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Tax Revenue Mobilistation In Developing Countries: Issues and Challenges


  • Mascagni, Giulia
  • Moore, Mick
  • McCluskey, Rhiannon


In recent years, domestic revenue mobilisation in developing countries gained increasing prominence in the policy debate. Several factors explain this, including the potential benefits of taxation for statebuilding; independence from foreign aid; the fiscal effects of trade liberalisation; the financial and debt crisis in the “West†; and the acute financial needs of developing countries. Governments in developing countries face great challenges in mobilising tax revenues, which result in a gap between what they could collect and what they actually collect. Tax gaps are hard to quantify for reasons that are discussed in the report. However in is known that significant contributors to tax gaps include tax evasion and avoidance, tax exemptions, and inequitable rent-sharing in the extractive sector, amongst others. The report discusses European and international actions to improve revenue mobilisation in developing countries and it suggests some recommendations for future.

Suggested Citation

  • Mascagni, Giulia & Moore, Mick & McCluskey, Rhiannon, 2014. "Tax Revenue Mobilistation In Developing Countries: Issues and Challenges," Working Papers 3948, Institute of Development Studies, International Centre for Tax and Development.
  • Handle: RePEc:idq:ictduk:3948

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    References listed on IDEAS

    1. Paul Clist & Oliver Morrissey, 2011. "Aid and tax revenue: Signs of a positive effect since the 1980s," Journal of International Development, John Wiley & Sons, Ltd., vol. 23(2), pages 165-180, March.
    2. Moore, Mick, 2013. "Obstacles to Increasing Tax Revenues in Low Income Countries," Working Papers 4666, Institute of Development Studies, International Centre for Tax and Development.
    3. Fjeldstad, Odd-Helge, 2013. "Taxation and Development : a Review of Donor Support to Strengthen Tax Systems in Developing Countries," WIDER Working Paper Series 010, World Institute for Development Economic Research (UNU-WIDER).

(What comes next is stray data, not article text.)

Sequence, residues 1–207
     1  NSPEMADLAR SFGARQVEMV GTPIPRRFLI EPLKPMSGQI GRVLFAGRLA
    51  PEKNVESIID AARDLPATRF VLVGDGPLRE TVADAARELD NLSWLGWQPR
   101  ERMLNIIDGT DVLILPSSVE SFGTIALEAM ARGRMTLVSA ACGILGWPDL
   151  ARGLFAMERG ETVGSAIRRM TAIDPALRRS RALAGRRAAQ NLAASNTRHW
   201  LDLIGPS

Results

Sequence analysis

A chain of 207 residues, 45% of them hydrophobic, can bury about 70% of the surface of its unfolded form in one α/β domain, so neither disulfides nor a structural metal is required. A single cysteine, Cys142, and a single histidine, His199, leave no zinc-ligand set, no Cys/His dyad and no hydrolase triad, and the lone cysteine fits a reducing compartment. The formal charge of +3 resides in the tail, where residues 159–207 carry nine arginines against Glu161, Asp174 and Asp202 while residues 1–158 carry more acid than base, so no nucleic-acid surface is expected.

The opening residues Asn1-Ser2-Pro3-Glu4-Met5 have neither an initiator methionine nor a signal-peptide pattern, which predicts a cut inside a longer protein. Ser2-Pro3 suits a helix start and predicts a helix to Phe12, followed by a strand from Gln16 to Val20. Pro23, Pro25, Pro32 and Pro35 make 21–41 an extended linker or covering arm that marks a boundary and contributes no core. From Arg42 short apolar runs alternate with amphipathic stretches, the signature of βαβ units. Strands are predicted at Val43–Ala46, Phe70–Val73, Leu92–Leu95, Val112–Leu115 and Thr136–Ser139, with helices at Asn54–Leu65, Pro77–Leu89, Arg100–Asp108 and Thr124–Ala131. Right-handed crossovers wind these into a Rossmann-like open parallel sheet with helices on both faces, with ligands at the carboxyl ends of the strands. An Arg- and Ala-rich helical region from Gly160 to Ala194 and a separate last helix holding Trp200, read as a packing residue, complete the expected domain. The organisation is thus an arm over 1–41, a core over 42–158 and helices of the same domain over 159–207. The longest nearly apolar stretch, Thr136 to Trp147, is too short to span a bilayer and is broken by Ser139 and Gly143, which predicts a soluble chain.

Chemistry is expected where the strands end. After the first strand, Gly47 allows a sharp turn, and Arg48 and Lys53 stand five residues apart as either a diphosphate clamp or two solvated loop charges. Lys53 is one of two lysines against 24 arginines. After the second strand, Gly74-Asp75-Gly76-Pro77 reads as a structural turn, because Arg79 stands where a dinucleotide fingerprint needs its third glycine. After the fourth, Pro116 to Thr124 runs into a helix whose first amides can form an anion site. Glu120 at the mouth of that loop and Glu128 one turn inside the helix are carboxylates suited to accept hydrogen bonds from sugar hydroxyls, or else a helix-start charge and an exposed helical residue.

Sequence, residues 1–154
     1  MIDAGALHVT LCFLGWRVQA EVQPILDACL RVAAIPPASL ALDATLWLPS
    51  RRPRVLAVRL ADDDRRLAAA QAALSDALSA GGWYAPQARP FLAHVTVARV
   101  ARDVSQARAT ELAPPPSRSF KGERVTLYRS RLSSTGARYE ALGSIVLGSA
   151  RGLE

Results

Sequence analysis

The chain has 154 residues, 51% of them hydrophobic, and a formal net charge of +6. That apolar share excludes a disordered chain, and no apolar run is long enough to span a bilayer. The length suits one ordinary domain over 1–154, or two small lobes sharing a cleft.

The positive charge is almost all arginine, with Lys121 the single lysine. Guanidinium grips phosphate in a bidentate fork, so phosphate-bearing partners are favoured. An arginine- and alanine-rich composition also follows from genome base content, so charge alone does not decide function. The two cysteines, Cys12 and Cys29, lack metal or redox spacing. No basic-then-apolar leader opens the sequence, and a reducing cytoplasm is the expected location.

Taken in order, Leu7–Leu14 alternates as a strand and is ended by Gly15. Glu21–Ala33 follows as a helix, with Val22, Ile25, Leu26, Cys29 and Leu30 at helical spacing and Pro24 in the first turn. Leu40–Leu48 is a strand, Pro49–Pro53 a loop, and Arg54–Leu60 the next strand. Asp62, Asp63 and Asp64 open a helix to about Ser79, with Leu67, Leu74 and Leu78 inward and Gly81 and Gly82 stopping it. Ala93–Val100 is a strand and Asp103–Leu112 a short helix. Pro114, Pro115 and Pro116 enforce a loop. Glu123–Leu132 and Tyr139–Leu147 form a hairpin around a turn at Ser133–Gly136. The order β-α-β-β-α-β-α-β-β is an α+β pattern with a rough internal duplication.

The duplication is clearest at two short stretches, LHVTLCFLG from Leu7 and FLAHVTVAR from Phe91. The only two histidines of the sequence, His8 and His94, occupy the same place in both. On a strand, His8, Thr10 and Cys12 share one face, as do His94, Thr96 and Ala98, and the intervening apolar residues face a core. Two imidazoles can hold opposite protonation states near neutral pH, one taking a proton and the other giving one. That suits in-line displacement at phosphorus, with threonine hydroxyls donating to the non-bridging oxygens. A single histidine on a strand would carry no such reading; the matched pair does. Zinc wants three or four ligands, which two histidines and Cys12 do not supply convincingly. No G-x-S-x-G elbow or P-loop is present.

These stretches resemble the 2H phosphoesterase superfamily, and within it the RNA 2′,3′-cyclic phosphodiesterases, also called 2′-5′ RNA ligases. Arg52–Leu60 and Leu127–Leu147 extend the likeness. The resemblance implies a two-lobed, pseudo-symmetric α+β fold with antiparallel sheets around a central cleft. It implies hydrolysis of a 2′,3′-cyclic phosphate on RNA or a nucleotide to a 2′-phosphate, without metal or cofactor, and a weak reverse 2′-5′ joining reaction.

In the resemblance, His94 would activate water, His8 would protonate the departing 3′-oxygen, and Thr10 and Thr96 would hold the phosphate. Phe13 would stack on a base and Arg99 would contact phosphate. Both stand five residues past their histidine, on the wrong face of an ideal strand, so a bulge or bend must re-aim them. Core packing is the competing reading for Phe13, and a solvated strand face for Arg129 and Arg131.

4. Burgess, Robin & Stern, Nicholas, 1993. "Taxation and Development," Journal of Economic Literature, American Economic Association, vol. 31(2), pages 762-830, June.
    5. Carter Patrick, 2013. "Does Foreign Aid Displace Domestic Taxation?," Journal of Globalization and Development, De Gruyter, vol. 4(1), pages 1-47, August.
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    Cited by:

    1. Christian EBEKE & Mario MANSOUR & Grégoire ROTA-GRAZIOSI, 2016. "The Power to Tax in Sub-Saharan Africa: LTUs, VATs, and SARAs," Working Papers P154, FERDI.
    2. NANTOB, N'Yilimon, 2014. "Taxes and Economic Growth in Developing Countries : A Dynamic Panel Approach," MPRA Paper 61346, University Library of Munich, Germany, revised 05 Feb 2015.
    3. Jean-Louis Combes & Rasmané Ouedraogo, 2016. "How Does Inclusive Growth Boost Tax Revenue Mobilization?," Working Papers halshs-01281914, HAL.
    4. Christopher E.S. WARBURTON, 2016. "The Bottom Twenty: An Analysis Of Income Inequality In High Income And Developing Countries, 1990-2010," Applied Econometrics and International Development, Euro-American Association of Economic Development, vol. 16(2), pages 5-24.
    5. Salim Nuhu Ahmed & John M. Musah, 2018. "On asymmetric information and tax morale in developing countries," WIDER Working Paper Series 012, World Institute for Development Economic Research (UNU-WIDER).
    6. Marie-Louise Leroux & Dario Maldonado & Pierre Pestieau, 2015. "Compliance, Informality and Contributive Pensions," CIRANO Working Papers 2015s-52, CIRANO.
    7. Wisdom Takumah & Bernard Njindan Iyke, 2017. "The links between economic growth and tax revenue in Ghana: an empirical investigation," International Journal of Sustainable Economy, Inderscience Enterprises Ltd, vol. 9(1), pages 34-55.
    8. Hayley Reynolds & Ludvig Wier, 2016. "Estimating profit shifting in South Africa using firm-level tax returns," WIDER Working Paper Series 128, World Institute for Development Economic Research (UNU-WIDER).
    9. Roukiatou Nikiema & Pam Zahonogo, 2017. "Taxpayer behaviour and institutions in Sub-Saharan Africa," BeFinD Working Papers 0119, University of Namur, Department of Economics.
    10. repec:pdc:jrnbeh:v:13:y:2017:i:4:p:439-467 is not listed on IDEAS
    11. Marie-Louise Leroux & Dario Maldonado & Pierre Pestieau, 2015. "Contributive Pensions and Imperfect Tax Compliance: A Political Economy Model," CESifo Working Paper Series 5656, CESifo Group Munich.

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